shipments during September are fairly even with the pace of the
past 60 to 90 days, but pricing has become less certain,
according to U.S. service center operators.
"Our shipments last
month were on par with the last three months and are about the
same through mid-September," a source at an upper Great Lakes
flat-rolled distributor told AMM. "If theres a
good deal on steel Im going to buy it, (but) prices are
A cold-rolled and
coated sheet distributor source predicted that the fourth
quarter wont be very strong. "I think prices will drop
off. They are already showing signs of weakness in spite of
tightness in cold-rolled," he said, citing Fort Wayne,
Ind.-based Steel Dynamics Inc.s inability to roll that
material until November (
amm.com, Sept. 13).
Customers are not able
to forecast very far ahead. "Theyre going hand-to-mouth
and everyone is still keeping inventories pretty low and buying
as they need," he said.
In the Mid-Atlantic
region, "there is not a lot of steel around" due to
consistently low inventories throughout the supply chain, one
trader and distributor said. "Theres talk of a price
increase but no one is rushing to buy." Some customers have
complained about current pricing, and while "there is not a lot
of cheap steel to average down, (those customers) are not
stepping up to buy what it takes" to move the market in one
direction or the other.
New import offers have
dried up, she added. Those seeking to beat domestic
second-quarter price hikes bought foreign material so "we are
not seeing unsold parcels arriving. There are not a lot of
futures sitting on docks unsold."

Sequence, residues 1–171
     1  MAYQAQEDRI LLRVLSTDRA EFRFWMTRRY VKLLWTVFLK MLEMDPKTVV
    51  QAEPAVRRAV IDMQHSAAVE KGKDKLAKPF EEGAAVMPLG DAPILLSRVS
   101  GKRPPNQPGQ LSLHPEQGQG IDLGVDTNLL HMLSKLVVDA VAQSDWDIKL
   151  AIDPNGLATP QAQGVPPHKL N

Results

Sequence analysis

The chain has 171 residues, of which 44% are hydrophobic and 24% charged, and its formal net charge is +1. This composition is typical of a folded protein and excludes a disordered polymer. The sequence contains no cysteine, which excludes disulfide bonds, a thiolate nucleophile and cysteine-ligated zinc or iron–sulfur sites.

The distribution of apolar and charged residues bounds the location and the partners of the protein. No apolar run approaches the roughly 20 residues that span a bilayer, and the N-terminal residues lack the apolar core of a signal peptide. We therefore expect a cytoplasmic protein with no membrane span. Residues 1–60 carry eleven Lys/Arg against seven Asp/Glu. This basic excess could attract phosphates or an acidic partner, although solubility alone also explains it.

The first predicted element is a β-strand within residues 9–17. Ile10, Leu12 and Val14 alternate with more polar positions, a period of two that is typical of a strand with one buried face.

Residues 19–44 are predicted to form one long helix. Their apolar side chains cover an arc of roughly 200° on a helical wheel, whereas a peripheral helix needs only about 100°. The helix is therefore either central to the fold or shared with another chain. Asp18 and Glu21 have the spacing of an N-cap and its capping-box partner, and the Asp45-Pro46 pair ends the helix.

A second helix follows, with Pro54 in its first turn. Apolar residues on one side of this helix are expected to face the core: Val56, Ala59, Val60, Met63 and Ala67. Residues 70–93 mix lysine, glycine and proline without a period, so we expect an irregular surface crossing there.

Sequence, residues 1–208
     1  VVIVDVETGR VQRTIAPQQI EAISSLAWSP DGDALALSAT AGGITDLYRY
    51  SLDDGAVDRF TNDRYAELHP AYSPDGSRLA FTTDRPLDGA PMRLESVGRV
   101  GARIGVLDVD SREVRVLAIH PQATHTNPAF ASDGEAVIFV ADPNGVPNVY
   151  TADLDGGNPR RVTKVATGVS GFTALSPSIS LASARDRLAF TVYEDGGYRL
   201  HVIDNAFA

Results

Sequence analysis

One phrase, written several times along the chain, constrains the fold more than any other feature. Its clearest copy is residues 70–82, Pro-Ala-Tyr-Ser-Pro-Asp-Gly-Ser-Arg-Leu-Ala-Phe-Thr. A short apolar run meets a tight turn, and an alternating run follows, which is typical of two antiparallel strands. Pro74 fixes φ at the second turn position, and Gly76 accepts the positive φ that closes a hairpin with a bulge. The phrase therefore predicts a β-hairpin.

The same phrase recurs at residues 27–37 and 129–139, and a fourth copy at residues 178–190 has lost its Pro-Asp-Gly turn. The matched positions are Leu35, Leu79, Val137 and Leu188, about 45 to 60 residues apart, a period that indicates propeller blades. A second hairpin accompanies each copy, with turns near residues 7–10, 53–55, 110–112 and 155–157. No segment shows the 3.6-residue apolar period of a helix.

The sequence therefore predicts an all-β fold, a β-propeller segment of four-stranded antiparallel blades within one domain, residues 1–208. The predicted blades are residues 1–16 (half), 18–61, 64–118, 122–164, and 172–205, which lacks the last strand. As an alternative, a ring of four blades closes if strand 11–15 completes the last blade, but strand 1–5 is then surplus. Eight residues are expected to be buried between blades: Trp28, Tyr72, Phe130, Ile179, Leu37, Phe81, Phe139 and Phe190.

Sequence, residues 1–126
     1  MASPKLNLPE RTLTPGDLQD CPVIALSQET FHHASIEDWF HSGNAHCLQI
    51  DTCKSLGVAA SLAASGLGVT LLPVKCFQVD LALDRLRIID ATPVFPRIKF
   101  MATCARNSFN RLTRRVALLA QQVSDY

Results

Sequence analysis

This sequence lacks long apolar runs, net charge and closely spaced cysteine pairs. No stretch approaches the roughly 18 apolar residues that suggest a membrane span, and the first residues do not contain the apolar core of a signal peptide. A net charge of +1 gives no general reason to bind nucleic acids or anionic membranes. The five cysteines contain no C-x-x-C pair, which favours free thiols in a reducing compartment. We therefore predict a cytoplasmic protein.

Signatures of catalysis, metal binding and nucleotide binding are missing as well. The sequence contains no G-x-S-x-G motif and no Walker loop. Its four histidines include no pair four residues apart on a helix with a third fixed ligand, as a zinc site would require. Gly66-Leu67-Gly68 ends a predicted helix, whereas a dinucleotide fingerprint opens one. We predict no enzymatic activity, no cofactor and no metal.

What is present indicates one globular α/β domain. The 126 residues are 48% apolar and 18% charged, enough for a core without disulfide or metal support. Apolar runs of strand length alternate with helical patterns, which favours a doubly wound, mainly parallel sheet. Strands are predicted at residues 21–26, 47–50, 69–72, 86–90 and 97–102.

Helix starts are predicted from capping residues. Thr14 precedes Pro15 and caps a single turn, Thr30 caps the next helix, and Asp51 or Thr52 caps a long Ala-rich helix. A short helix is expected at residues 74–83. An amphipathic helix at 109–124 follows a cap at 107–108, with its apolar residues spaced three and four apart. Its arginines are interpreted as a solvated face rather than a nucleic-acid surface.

An East Coast service
center operator agreed that shipment volume has not picked up
in September and suggested that current pricing will be
difficult to hold up based on demand. "I think prices will move
south, but not by much," he said. "The phones are not ringing
off the hook. What that means is were buying very little,
only to replace stock."
pointed to oversupply, short mill lead times and erosion in
scrap pricing as factors placing downward pressure on
flat-rolled prices for the fourth quarter.
U.S. and Canadian
service centers shipped more than 4.11 million tons of steel
products in August, up 4.8 percent from 3.92 million tons the
previous month, according to the latest Metals Service Center
totaled 7.94 million tons (2.2 months supply at current
shipping rates) at the end of August, up 1.3 percent from 7.84
million tons (2.3 months supply) a month earlier, but
Canadian inventories of 1.39 million tons (2.9 months
supply) were down 5 percent from 1.46 million tons (3.2
months supply) in the same comparison.
shipments by U.S. and Canadian service centers totaled 32.06
million tons, down 3.8 percent from 33.32 million tons in the
first eight months of last year.